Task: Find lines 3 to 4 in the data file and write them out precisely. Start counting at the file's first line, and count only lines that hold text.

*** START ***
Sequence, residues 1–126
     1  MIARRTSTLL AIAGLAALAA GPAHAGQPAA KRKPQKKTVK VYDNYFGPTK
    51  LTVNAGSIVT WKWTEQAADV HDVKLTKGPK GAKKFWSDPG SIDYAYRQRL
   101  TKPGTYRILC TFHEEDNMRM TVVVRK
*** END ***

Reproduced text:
    51  LTVNAGSIVT WKWTEQAADV HDVKLTKGPK GAKKFWSDPG SIDYAYRQRL
   101  TKPGTYRILC TFHEEDNMRM TVVVRK